My Electric Kool-Aid Adderall Test

At 56, I wanted to find out just what cognitive-enhancement drugs feel like. I got high. Man oh man, did I get high.

One of the best parts of being a writer is that the job lets you be nosy professionally. If I’m curious what all those new buildings are going up in West Philly, I can call the president of Penn or Drexel and say: “Hi, this is Sandy Hingston from Philly Mag. Um — what are all those new buildings you’re putting up?” If I’m wondering what Marjorie Margolies, the Penn prof who’s running for the U.S. Senate, is like, I can ring her up and get an interview. If I want to know why so many American kids are taking ADHD drugs, I can call a Penn neuroscientist, like Anjan Chatterjee, and say: “What exactly is the deal with ADHD drugs?”

But sometimes, hearing somebody else explain something isn’t enough.

I’ve been curious about ADHD for a long time. How come I only started to hear about attention deficit disorder in the ’90s? Did nobody have it before that? Or did we just not have a name for it? What did kids with ADHD do before there was a diagnosis—and drugs to treat it? Why don’t kids have ADHD at anywhere near the same rate in, say, France? Is there something about the way we lead our lives now — our frantic, fractured, 10-things-at-once lives — that puts kids more at risk for ADHD? Or is it, conversely, that today’s put-upon American parents are the ones with the attention deficit — that with the demands of our jobs and our families and an ever more hectic world, we no longer have the patience to just let our kids be their moseying-along, stop-and-look-at-that-bug selves anymore? That we’re the ones who need them to focus in?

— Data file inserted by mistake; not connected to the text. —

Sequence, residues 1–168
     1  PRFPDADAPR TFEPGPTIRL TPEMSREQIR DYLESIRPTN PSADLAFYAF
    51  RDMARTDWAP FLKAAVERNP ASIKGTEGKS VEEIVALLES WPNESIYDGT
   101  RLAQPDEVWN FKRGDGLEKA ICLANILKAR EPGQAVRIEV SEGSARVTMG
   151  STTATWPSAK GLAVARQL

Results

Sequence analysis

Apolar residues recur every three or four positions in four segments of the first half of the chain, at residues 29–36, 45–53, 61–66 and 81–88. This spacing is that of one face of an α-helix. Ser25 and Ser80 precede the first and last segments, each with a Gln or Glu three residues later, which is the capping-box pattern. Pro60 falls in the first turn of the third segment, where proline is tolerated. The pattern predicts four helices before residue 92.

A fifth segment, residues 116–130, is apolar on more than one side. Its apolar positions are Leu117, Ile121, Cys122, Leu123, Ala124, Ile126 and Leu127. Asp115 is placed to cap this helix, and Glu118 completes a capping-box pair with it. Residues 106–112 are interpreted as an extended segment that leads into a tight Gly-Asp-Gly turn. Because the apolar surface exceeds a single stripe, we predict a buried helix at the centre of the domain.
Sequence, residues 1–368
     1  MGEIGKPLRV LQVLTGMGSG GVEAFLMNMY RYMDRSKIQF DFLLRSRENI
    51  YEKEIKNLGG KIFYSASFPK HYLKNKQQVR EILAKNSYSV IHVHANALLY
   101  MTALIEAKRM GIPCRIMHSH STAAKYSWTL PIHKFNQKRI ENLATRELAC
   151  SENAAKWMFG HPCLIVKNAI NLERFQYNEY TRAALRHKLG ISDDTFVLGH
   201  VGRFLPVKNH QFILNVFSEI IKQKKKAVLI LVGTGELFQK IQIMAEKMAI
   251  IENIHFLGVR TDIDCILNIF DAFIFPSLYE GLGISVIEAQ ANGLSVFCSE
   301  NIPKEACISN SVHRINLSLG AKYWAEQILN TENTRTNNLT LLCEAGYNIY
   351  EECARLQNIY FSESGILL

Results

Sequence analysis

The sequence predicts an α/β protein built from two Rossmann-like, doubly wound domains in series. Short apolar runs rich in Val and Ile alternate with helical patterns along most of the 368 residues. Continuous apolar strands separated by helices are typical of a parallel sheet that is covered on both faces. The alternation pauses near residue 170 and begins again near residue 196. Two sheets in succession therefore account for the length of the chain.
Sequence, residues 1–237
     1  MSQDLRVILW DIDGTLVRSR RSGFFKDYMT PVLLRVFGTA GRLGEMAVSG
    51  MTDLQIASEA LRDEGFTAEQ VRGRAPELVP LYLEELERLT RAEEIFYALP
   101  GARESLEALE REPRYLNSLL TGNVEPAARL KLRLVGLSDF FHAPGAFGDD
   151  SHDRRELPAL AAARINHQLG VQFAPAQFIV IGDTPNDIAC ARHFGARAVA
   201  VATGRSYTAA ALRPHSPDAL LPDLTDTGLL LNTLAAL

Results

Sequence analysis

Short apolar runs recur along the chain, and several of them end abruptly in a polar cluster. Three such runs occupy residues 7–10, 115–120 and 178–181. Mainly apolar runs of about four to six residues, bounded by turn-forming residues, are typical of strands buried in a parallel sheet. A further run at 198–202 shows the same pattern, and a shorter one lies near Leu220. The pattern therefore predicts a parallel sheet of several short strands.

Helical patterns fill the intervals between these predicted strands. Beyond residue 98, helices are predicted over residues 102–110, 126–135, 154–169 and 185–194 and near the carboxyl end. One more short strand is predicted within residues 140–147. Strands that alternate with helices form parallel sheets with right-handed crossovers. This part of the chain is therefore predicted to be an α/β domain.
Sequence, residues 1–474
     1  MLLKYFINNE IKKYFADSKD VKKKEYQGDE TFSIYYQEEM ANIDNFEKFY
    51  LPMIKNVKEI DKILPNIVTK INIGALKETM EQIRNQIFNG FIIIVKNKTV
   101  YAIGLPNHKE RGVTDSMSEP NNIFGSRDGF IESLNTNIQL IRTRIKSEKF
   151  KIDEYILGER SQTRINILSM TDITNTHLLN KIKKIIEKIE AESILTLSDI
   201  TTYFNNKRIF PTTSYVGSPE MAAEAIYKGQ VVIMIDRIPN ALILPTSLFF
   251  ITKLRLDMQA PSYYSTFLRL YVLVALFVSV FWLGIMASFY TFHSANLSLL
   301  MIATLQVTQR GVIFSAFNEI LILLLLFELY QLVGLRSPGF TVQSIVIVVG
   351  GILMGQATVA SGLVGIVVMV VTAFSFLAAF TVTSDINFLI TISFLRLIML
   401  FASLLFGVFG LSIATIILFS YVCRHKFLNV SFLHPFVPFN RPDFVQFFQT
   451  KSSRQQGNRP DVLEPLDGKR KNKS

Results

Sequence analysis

I was thinking about all these things a couple of months ago when I got curious about something else — what do ADHD drugs feel like? Twenty percent of American male high-school students are now diagnosed with ADHD. Off-prescription use of ADHD drugs is so rampant on college campuses that Duke University wrote a ban against them into its honor code. In February, the New York Times ran a terrifying story on a young medical student who started taking Adderall in college and saw his life spiral downward into psychosis and suicide. Yet parents are giving that same pill to four-year-olds. What, I wondered, does Adderall do? What would it do to me?

Luckily, I have an editor here at Philly Mag, Tom McGrath, who’s curious about the same things. When I told Tom I wanted to take Adderall for a week — use it at home, at work, when I went to the gym — his eyes lit up, and he told me to go for it. So I did. For the first time in 25 years, I took illegal drugs. I got high. Man oh man, did I get high. You can read all about my Electric Kool-Aid Adderall Test here. You’ll also get to read what Anjan Chatterjee said when I asked him: “What exactly is the deal with ADHD drugs?” I don’t know which was more scary — the way Adderall made me feel, or the fact that Chatterjee says it’s only a matter of time before employers start insisting that everybody take it. My Adderall experiment raised as many questions for me as it answered. But as Chatterjee says, for better or for worse, it and other cognitive-enhancement drugs are a part of our culture, and we’d better start talking about exactly what that means.

  • A Quantum Computer

    Have you also tried modafinil or armodafinil? In my opinion, they’re better than adderall — less “bodily” side effects but still provide enhanced motivation and willpower and lazer-like concentration.

    • Sandy Hingston

      It was the “bodily” side effects I liked!

      • A Quantum Computer